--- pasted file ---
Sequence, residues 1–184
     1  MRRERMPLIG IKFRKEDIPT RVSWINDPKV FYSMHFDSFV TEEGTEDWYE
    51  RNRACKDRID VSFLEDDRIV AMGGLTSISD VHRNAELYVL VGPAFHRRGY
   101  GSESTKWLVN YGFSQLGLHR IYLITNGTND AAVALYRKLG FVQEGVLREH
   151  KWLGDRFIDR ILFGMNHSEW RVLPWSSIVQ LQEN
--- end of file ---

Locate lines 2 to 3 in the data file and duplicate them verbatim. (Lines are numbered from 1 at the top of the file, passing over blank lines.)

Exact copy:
     1  MRRERMPLIG IKFRKEDIPT RVSWINDPKV FYSMHFDSFV TEEGTEDWYE
    51  RNRACKDRID VSFLEDDRIV AMGGLTSISD VHRNAELYVL VGPAFHRRGY